May 3, 2015. 04:05 PM | Likes Like |Link to Comment
  • Crude Oil Inventories Rise For Record 16th Straight Week [View article]
    Yet, consumer price at the pump is up 20%. What is wrong with the law of supply and demand? As the price at the pump goes up, I park the car in garage, voting with my dollar.

    How does the surplus weigh in as a percent of annual usage?
    Apr 29, 2015. 07:23 PM | Likes Like |Link to Comment
  • CEFL: Attractive 18.6% Yield And Discount To Book Value [View article]
    If the ex-date of the 30 CEF's in CEFL is the determiner of the distribution announced, ex-dated, and paid in a month by UBS, why include frequent mention in your articles about pay dates of the underlying CEF's? The pay dates of the 30 CEF's would seem to contribute nothing to the discussion of CEFL, but at least the ex-date and pay date of the single Quarterly CEF is confusing. The potential variance in the ex-month and pay month, even for monthly CEF's, can also be confusing. Keeping attention focused on the single date that determines the CEFL distribution will increase understanding by reducing distracting information. Thanx.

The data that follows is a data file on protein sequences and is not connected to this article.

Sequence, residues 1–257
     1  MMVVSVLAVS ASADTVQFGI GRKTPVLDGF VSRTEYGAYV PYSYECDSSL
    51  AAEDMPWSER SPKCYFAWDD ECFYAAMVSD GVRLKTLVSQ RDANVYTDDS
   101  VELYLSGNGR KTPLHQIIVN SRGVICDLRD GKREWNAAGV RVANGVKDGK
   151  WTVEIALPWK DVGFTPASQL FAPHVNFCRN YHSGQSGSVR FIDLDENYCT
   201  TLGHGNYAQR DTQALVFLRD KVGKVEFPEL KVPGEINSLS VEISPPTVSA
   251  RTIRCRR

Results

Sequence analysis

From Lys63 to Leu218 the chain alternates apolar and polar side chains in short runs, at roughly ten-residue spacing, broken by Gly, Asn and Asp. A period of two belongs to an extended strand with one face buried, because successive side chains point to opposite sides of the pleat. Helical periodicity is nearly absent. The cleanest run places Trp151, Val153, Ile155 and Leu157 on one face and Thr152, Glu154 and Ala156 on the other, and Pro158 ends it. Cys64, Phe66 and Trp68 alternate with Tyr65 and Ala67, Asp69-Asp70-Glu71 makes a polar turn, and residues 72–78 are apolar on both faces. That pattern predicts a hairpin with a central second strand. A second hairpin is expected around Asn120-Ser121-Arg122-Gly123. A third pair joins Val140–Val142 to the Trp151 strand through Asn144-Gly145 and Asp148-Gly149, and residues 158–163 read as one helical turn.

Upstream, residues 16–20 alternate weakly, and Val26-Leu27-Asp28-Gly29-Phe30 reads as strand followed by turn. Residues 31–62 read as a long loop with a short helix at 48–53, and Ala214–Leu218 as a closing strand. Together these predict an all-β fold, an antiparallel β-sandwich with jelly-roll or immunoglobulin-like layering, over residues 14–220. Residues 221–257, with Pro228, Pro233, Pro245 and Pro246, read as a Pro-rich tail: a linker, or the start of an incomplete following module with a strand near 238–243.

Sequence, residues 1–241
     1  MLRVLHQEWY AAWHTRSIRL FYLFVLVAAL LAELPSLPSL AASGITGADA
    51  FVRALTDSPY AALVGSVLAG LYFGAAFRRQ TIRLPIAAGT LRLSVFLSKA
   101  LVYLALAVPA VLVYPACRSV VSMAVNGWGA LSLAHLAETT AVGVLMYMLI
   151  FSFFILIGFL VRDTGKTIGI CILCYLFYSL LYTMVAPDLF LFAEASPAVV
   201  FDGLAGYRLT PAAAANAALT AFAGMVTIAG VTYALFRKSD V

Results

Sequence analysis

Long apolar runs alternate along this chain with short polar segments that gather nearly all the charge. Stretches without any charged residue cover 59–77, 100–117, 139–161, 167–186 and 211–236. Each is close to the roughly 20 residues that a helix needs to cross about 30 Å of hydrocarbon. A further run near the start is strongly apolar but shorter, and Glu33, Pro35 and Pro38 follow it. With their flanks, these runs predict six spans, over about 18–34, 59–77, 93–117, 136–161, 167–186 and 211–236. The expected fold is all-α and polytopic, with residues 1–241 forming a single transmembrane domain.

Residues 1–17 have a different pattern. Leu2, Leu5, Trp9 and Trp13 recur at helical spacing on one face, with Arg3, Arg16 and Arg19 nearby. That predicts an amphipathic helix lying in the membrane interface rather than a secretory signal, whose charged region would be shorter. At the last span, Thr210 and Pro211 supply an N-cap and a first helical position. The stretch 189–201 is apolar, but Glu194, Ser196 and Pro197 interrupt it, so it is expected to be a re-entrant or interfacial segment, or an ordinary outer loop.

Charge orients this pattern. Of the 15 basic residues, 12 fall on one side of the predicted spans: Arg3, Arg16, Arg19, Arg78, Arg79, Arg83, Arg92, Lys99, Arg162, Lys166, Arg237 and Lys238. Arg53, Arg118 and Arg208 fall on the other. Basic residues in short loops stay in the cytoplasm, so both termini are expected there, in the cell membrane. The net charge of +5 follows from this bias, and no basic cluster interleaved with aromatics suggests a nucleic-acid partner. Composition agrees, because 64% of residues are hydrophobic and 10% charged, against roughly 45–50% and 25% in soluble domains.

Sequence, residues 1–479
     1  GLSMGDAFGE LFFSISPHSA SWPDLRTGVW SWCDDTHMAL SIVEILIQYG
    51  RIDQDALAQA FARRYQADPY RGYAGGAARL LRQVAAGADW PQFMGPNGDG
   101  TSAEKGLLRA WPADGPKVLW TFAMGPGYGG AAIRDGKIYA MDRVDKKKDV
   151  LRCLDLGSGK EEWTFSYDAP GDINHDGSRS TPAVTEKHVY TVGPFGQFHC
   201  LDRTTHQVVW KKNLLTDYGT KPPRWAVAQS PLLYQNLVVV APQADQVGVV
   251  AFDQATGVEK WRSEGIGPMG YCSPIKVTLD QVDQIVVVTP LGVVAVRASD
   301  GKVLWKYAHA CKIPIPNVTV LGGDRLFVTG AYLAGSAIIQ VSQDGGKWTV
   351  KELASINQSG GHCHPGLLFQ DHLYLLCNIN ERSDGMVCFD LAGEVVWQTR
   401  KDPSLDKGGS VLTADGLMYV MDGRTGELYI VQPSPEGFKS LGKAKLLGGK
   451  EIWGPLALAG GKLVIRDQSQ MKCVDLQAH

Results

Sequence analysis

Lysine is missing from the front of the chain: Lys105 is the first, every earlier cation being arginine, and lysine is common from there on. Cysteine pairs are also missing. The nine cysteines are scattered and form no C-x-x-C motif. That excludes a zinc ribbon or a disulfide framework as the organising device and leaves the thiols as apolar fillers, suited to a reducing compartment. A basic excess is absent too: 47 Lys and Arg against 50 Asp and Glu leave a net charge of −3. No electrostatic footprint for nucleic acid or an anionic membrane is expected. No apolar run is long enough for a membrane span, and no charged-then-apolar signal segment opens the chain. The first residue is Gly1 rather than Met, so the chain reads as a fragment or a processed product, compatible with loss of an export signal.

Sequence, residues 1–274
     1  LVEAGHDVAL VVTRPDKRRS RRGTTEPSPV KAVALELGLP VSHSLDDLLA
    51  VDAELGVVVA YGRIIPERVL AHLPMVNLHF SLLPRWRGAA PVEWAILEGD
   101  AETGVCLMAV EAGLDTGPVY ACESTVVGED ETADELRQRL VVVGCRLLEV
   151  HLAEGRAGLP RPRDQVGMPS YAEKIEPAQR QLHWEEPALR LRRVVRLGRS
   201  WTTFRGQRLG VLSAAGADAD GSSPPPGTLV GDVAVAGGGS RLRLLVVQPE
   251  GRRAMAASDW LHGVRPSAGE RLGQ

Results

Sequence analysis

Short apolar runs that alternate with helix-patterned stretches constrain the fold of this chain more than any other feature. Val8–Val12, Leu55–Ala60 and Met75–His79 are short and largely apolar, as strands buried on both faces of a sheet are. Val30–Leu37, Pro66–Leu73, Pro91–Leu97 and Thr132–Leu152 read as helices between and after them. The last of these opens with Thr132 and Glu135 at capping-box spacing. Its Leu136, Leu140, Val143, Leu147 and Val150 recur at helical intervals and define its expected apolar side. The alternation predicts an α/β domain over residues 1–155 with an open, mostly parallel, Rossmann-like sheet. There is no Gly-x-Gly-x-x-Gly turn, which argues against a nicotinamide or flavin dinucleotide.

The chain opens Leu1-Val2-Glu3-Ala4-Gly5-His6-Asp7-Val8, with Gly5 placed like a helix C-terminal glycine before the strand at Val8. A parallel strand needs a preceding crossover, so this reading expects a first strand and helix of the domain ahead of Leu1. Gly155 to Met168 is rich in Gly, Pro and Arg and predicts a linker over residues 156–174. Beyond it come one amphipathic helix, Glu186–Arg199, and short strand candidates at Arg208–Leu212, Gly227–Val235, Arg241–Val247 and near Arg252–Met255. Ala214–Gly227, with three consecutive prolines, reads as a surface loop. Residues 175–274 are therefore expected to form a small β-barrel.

Apr 27, 2015. 07:18 PM | Likes Like |Link to Comment
  • CEFL: Attractive 18.6% Yield And Discount To Book Value [View article]
    Lance,
    Looking at three months of distributions, there appears to be no big/little months.
    3-11 = $0.3404
    4-9 = $0.3273
    5-?? = $0.3175